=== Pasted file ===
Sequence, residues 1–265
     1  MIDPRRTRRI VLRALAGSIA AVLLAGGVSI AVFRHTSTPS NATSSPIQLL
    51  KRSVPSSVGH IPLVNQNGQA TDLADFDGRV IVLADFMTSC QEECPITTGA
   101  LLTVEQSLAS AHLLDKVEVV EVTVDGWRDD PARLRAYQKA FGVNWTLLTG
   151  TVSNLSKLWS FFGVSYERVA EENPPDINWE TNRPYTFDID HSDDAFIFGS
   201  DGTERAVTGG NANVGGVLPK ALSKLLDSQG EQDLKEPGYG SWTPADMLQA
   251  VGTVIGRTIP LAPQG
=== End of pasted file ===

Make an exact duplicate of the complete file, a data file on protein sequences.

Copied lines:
Sequence, residues 1–265
     1  MIDPRRTRRI VLRALAGSIA AVLLAGGVSI AVFRHTSTPS NATSSPIQLL
    51  KRSVPSSVGH IPLVNQNGQA TDLADFDGRV IVLADFMTSC QEECPITTGA
   101  LLTVEQSLAS AHLLDKVEVV EVTVDGWRDD PARLRAYQKA FGVNWTLLTG
   151  TVSNLSKLWS FFGVSYERVA EENPPDINWE TNRPYTFDID HSDDAFIFGS
   201  DGTERAVTGG NANVGGVLPK ALSKLLDSQG EQDLKEPGYG SWTPADMLQA
   251  VGTVIGRTIP LAPQG